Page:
Giving the gift of hope and life through an organ transplant is both precious and powerful.
Marc and Monica Dulebohn reminded us of that in a story published this week in The Lima News.
Hope of a life-saving miracle ended for their son, Drew, nearly 24 hours after a tragic vehicular accident in mid-August. Up until that time, the life support system that was keeping the 15-year-old Elida boy alive was registering brain activity.
Then it stopped.
At that heart-breaking moment, Marc and Monica closed the doors to their son’s hospital room. Alone with him, they decided to have his organs donated. With that decision came eight miracles. The family learned last week that six lives were saved with the heart, kidneys, lung, liver and pancreas transplants. Two other lives were enhanced with cornea transplants.
Providing someone a second chance at life is a noble gift that most of us support, including nearly all organized religions. Yet, far too few people have actually joined a registry or discussed the topic of donation with their families.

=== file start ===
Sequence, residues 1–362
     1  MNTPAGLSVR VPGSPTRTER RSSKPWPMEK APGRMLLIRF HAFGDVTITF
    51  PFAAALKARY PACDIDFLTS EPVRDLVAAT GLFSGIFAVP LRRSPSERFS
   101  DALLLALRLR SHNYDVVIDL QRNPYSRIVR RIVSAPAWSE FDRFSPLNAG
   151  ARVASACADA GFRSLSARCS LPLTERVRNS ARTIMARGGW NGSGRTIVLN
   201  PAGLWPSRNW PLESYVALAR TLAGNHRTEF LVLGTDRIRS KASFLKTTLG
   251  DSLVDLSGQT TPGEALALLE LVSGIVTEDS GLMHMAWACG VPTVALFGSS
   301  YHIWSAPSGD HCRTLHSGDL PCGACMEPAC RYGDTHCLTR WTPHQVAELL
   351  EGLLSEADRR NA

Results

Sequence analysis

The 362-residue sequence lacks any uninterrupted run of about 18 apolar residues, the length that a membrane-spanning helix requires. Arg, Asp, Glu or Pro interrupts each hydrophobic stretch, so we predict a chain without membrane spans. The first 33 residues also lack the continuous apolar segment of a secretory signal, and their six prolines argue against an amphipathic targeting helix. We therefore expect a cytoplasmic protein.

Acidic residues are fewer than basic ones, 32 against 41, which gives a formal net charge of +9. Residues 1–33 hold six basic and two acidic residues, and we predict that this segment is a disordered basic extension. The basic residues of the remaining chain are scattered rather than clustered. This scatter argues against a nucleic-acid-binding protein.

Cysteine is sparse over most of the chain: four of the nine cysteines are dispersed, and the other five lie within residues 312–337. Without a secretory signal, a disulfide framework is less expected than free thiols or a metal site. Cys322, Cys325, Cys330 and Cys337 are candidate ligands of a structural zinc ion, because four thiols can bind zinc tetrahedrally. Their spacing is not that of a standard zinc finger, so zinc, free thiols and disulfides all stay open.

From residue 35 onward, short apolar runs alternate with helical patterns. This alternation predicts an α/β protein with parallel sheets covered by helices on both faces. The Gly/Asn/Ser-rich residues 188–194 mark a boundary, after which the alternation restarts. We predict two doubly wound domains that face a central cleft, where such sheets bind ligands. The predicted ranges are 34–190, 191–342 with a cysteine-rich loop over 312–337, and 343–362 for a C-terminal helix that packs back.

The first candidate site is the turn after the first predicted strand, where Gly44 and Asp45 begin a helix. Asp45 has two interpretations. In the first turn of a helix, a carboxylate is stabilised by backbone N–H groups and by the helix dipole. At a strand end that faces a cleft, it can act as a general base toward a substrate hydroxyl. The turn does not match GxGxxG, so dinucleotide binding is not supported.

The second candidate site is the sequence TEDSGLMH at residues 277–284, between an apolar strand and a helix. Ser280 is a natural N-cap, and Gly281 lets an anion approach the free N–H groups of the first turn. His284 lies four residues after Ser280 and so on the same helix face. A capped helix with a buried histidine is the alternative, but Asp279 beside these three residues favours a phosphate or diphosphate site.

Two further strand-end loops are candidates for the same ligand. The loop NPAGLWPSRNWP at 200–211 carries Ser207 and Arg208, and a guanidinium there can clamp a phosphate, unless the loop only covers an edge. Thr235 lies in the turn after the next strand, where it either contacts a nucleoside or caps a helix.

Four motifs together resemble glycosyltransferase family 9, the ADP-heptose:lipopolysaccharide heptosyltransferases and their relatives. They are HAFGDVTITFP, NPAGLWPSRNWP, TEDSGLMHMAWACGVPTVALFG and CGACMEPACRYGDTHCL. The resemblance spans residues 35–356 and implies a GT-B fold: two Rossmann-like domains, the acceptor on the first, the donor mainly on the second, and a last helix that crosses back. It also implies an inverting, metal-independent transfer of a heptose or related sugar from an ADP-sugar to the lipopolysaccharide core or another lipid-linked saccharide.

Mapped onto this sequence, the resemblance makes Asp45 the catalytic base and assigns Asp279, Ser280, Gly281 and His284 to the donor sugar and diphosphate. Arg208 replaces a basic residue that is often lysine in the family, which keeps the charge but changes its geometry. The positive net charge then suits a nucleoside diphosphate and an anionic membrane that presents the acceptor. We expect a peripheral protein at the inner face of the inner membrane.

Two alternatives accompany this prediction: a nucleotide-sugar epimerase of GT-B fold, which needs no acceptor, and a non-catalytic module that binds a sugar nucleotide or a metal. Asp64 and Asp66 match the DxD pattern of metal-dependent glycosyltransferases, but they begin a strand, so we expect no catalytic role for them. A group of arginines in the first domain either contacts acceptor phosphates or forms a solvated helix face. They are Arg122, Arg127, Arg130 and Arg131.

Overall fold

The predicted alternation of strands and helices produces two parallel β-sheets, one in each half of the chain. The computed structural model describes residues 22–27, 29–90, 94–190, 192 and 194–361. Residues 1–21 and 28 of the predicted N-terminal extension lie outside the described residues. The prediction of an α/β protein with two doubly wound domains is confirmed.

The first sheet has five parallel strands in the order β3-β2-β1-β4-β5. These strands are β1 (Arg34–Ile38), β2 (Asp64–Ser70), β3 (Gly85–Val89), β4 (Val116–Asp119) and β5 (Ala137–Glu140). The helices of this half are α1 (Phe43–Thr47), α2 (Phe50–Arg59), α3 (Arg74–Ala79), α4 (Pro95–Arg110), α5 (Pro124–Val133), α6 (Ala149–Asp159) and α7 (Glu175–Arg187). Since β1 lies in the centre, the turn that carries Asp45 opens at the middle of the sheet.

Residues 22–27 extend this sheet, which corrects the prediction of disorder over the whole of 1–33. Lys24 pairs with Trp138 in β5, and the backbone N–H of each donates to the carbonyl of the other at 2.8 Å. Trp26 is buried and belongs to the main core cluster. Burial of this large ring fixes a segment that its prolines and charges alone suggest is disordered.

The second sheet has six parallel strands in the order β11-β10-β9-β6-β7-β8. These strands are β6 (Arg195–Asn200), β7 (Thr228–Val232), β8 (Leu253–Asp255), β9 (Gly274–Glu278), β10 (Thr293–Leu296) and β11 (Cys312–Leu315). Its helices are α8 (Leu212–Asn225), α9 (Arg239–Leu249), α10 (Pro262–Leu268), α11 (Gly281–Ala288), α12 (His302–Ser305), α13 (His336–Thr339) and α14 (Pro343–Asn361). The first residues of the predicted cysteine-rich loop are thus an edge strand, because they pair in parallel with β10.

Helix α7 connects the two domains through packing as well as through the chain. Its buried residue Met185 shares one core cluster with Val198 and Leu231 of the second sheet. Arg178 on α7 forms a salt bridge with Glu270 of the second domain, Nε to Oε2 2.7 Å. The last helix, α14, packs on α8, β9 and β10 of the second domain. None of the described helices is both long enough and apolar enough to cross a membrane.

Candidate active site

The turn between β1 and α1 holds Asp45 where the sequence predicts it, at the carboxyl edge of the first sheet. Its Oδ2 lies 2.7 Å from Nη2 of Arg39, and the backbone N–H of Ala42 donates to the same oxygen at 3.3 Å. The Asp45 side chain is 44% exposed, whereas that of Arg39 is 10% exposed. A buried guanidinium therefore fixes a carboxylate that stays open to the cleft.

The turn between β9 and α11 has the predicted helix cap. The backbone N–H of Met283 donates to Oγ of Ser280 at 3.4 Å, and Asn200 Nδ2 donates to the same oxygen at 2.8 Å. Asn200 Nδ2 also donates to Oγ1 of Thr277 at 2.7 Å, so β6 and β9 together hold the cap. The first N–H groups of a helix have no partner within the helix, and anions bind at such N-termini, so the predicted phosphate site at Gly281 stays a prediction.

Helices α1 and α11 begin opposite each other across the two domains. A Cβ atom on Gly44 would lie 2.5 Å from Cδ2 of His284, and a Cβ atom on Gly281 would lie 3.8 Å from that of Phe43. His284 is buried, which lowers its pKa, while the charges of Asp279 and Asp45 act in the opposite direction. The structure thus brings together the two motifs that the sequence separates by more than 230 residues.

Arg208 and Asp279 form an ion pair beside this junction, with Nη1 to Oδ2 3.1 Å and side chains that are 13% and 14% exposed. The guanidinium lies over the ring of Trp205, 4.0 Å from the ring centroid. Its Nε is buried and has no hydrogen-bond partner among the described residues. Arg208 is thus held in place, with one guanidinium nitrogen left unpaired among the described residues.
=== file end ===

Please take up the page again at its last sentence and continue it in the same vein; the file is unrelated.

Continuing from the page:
That’s a tragedy in itself as it has led to a tremendous shortage of organs and tissues.
An average of 22 people nationwide die each day while waiting for the organ that would have extended their lives, reports the LifeCenter Organ Donor Network at the University of Cincinnati Medical Center.
Even more sobering is the organ shortages come at a time when there is a high success rate of transplant operations. These include:
•95 percent for kidney recipients.
•85 percent for liver and heart recipients.
•75 percent for lung recipients.
Information about registering to be a donor is available through local hospitals.
People of all ages, races, and ethnicities are needed. Organs are not matched by race/ethnicity and people of different races frequently match one another. But there is a better chance of receiving an organ if there are large numbers of donors from the same racial/ethnic background to pull from because compatible blood types and tissue markers are more likely to be found.
While you’ve been reading this, chances are another name has been added to the national waiting list of people waiting to receive a kidney, part of a liver, lung, or other organs. A name is added every 10 minutes.
In Ohio, more than 3,000 people are waiting for an organ transplant, and hundreds more await tissue transplants.
We urge people to become an organ donor. Just make sure your family and loved ones know of your wishes. It can be a great comfort to them, plus it helps ensure your choice is carried out.
— The Lima News